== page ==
Man Of Sorrows, My Comforter

Man Of Sorrows, My Comforter February 4, 2020

I am a wisp of a girl, all baby fine hair and plastic barrettes that slip down my part, no sooner than my mom placed them, when I learn how stories help us live. 

I slip from her lap, from beneath the cover of pages, the refuge of a sturdy book spine, and her steady voice spinning words I know by heart into my ears.

I know every syllable, every word, every story. 

But I climb down to explore my world. I don’t want to hide behind my mother’s skirt anymore, my hands gripping her thigh, eyes darting this way and that, on watch for what might be lurking beyond the fleshiness of her body, the safety of the home I know. 

The hollow of my mom’s thighs, where I nestle my hips and back into her, rest my head on the concave between her breasts and feel her breath and heartbeat like we’re one again, like I’m buoyant, amniotic. Tethered like umbilicus is my sanctuary. 

My childhood books end with a remedy for the ache in the world. For the terrible darkness felt in my tender bones. My mother gathers my body, both brittle and strong, as only a child who’s faced death and lived to tell the tale could be. 

She soothes me with her voice, the same one that whispered prayers over me in the children’s oncology ward. 

In my books, the dragons lie slain, the princess discovers her true identity, the light wins, the darkness fades. 

When the letters and syllables reveal themselves in sounds cobbled together forming words and words fashion themselves into meaning, into familiar plotlines, I spend hours on my belly, head propped in my hand turning the pages.

But it’s not long before my mom lends me dog eared novels from her bedside table. These stories keep company with sadness. They live in the sick hollow of not healed or whole or remedied with a sword or a hero or a shoe that fits. I gobble up unresolved stories that lack the happily ever afters promised me in childhood.

These tales help me tell my own. I realize it’s not only ok but necessary to have stories reside in the tension of a God who saves but doesn’t always heal. Who walks with us when we feel pierced  but doesn’t always remove the thorn. A God who promises he can be known but not always understood. 

We want the happy ending, we want the after story. But even as all things are being reconciled to Christ, instead of the story of Eden-like perfection, it’s another garden that brings me comfort as I struggle with mental and chronic illness. 

I think of Gethsemane where Jesus was in such anguish, he literally sweat blood. The anxiety in his psyche so severe it overwhelmed his  human flesh. When he prayed for the cup to pass, but loved us so fully he would obediently drink from it. In this, I saw a God who gets it, who gets me. Who knows what it feels like to cry out,  My God, my God, why have you forsaken me?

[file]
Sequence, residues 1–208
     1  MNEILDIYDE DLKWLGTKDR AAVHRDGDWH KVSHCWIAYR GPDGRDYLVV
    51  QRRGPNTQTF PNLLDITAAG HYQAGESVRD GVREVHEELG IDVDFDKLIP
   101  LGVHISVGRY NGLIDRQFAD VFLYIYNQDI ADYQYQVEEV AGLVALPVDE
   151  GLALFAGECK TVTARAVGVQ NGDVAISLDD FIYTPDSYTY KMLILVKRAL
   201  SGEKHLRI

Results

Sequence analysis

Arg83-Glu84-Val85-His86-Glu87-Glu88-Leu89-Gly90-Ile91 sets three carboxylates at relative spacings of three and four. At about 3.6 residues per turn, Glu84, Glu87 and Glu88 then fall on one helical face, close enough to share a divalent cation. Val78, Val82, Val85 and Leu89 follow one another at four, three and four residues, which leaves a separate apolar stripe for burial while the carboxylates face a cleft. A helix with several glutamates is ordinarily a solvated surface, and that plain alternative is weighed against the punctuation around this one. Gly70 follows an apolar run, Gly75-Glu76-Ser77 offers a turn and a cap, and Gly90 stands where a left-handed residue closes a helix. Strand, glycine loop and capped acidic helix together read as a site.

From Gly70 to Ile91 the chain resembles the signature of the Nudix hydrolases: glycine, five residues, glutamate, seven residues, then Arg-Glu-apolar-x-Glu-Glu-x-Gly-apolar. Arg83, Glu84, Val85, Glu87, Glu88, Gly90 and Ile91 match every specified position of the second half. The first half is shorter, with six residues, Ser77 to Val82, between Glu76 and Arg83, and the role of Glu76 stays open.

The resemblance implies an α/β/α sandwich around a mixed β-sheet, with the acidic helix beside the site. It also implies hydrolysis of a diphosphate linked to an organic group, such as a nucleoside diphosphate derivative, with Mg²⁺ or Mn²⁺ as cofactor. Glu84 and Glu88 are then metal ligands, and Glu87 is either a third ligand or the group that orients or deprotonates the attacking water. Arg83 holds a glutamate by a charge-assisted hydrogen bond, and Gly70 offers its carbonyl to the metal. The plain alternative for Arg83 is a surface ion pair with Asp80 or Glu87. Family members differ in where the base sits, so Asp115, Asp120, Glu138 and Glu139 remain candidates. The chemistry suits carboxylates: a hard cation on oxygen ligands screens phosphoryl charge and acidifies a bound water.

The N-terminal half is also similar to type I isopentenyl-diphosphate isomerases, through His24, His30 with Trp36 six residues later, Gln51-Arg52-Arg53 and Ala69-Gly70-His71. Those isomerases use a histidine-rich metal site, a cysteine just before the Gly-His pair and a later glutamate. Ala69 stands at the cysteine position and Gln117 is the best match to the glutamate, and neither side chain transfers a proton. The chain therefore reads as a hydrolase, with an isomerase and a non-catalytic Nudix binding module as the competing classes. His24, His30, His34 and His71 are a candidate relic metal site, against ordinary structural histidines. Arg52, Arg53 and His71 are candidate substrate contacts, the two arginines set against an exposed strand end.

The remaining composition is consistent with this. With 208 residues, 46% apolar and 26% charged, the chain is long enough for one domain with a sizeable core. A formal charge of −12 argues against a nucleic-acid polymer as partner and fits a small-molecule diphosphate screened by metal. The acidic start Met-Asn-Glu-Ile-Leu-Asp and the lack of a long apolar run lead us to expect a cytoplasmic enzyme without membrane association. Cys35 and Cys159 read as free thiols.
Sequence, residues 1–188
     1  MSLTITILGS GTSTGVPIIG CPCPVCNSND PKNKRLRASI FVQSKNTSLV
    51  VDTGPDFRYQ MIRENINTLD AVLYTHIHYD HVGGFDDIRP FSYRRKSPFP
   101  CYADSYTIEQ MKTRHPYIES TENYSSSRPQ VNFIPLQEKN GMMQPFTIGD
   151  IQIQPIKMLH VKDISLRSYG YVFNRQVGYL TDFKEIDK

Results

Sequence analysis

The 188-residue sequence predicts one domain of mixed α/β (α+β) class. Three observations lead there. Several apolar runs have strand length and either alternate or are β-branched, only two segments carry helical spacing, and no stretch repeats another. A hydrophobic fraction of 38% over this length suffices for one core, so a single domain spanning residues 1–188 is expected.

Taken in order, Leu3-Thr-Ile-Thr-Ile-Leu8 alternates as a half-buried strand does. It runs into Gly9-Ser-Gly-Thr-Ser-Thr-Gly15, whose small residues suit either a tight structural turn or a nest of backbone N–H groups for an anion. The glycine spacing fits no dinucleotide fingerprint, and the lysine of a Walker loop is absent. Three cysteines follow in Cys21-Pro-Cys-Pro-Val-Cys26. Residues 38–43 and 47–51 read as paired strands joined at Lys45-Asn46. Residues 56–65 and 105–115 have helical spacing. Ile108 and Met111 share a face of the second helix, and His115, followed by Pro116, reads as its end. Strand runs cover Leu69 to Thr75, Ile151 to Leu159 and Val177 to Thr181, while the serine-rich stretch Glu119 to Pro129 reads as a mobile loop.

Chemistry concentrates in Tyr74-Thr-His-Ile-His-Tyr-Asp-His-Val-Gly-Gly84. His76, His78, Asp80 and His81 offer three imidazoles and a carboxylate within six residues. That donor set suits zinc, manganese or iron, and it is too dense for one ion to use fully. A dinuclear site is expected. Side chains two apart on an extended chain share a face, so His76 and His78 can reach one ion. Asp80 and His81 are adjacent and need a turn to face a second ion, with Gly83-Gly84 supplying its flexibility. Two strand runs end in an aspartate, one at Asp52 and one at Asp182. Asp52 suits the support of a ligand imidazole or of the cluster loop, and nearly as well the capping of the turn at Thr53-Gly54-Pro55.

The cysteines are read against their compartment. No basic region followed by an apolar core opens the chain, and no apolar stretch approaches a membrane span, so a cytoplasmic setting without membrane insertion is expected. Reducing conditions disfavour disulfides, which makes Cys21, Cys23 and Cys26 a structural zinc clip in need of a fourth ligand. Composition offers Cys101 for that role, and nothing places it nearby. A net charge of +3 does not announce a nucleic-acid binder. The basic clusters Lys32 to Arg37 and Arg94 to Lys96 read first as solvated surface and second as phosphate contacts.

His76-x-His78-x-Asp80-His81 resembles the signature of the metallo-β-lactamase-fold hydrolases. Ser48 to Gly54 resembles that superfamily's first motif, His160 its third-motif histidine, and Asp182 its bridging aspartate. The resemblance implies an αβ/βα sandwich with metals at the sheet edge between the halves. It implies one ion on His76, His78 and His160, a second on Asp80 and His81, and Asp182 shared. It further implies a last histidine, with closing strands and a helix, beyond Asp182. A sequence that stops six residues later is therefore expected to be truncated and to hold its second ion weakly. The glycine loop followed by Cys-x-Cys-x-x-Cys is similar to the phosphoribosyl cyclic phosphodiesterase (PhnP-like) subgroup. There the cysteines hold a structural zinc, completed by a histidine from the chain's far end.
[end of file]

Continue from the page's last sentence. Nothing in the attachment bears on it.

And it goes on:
One of the greatest declarations of our faith is acknowledging when God feels horrifically absent and crying out to him anyway. 

It’s difficult to feel God’s love when it feels he’s abandoned us and we’re suffering. Indeed the goodness of God in the face of suffering is one of the eternal questions. It’s left people in terror that God may be no better than us. Petty and irrational, sovereign but not compassionate, kind but impotent, withdrawn and passive aggressive. A God who has gold stars for the ones who get it right and detention for those who fall short.

But Jesus knows the lies we’re tempted to believe about him. His promise to send a comforter who will be with us forever anticipates that our lives will be filled with grief and sorrow, with confusion and cliffhangers. Why would we need a comforter unless he knew we would be uncomfortable? Unless he knew we would need comforting. 

I write the reminders of God’s preserving faithfulness, his hand in the depths, never too short to ransom me. And I accept it isn’t always a fairytale ending this side of eternity. 

It’s the swipe of Jesus’ sweaty brow, leaving a blood covered hand that trespasses on my sorrow.  Sometimes, everything hurts. Sometimes, I have no answers. Sometimes I am living the Psalms, and God feels hidden from me.

God doesn’t “fix” me because of my faithfulness. He meets me because of his.

I bear witness to God’s goodness anyway. Some of us find this impossible because we’re looking only for Eden when we should also be looking for Gethsemane. A God who will enter the dark for us and with us. A Man of Sorrow. 

 

About Alia Joy
Alia Joy is an author who believes the darkness is illuminated when we grasp each other's hand & walk into the night together. She writes poignantly about her life with bipolar disorder as well as grief, faith, marriage, poverty, race, embodiment, and keeping fluent in the language of hope. Her book, Glorious Weakness: Discovering God In All We Lack, is available now. Sushi is her love language and she balances her cynical idealism with humor and awkward pauses. She lives in Central Oregon with her husband, her tiny Asian mother, her three kids, a dog, a bunny, and a bunch of chickens. You can read more about the author here.

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